CASPER BROUGHT SOME FRIENDS
Sang-Man (Cha Tae Hyun) is a clinically depressed man bent on killing himself. When he fails a suicide attempt, he starts seeing ghosts: a perverted, alcoholic grandfather, a chain-smoking man, a woman who can’t stop sobbing and a kid with an insatiable appetite.
He figures that by carrying out their individual wishes, he’ll be able to get rid of the pesky ghosts. However, Sang-Man begins to find reasons to live including acting on his growing feelings for hospital nurse, Jung Yun Soo (Kang Ye Won).
I was expecting a light comedy but this movie turned out to be much deeper and more heartwarming than I thought it would be. So much so that even Hollywood has come calling to remake this movie with Chris Columbus at the helm. He said, “After watching Hello Ghost I was immediately struck by the film’s ability to mix comedy, drama and complex emotional themes. Its strong universal storyline translates to any culture, and I’m looking forward to bringing a version of this wonderful story to the English-speaking audience.” I’m wary of remakes (Yeah, I’m looking at you, The Lake House) but I’ll reserve that angst for when I see the movie.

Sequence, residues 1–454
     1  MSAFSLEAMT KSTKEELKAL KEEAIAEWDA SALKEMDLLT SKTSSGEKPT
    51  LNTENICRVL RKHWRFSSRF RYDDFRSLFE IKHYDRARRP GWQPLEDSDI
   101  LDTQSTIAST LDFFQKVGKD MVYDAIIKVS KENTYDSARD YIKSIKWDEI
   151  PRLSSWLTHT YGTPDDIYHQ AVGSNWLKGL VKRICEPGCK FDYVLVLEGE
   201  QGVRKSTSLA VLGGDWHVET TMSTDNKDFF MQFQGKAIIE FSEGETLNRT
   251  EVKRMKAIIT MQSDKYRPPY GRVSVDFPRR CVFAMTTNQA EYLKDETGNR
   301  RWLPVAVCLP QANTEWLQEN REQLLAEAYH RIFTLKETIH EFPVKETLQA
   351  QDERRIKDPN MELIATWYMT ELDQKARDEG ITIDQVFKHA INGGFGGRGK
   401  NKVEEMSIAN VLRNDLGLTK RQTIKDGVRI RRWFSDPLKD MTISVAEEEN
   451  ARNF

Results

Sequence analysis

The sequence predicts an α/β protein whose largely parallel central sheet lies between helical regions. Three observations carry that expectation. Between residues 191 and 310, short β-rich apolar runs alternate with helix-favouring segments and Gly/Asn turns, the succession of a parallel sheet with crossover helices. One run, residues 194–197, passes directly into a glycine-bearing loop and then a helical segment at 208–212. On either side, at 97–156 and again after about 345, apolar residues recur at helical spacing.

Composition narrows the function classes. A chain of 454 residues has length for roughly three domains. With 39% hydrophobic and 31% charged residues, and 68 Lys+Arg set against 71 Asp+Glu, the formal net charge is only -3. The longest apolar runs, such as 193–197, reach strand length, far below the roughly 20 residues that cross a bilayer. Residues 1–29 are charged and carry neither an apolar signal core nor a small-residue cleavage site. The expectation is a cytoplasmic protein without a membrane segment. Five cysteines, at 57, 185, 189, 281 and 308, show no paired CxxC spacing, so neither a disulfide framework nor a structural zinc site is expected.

The movie pretty much starts off with the comedy as Sang-Man grasps the fact that he has to deal with the annoying ghosts. The ghosts are able to influence Sang-Man by entering his body and taking over, making their individual traits come out through Sang-Man. I’m always impressed when actors are able to suddenly change on the spot to take on a separate role and we’ve been seeing more and more of this lately (e.g. 49 Days and Secret Garden). Cha Tae Hyun definitely brings out the funny by picking up distinct mannerisms from the old to the young.
And while Go Chang Seok is no stranger to comedies, I like that he doesn’t have much of speaking role in this movie. His character is a sparse talker which gives Go Chang Seok the opportunity to only use his face to bring on the funny. That takes talent.
It was interesting approaching this movie without knowing about the heartwarming aspect of it. The pieces are built throughout but they seem irrelevant until the end. What’s powerful about it isn’t knowing what the ending is gonna be but watching Sang-Man progress and get to that revelation. Even while writing this review, I found myself getting emotional again when seeing those same moments. All in all, the movie is simply charming with av mass appeal. You’ll laugh, you’ll cry and it’s got a sweet message.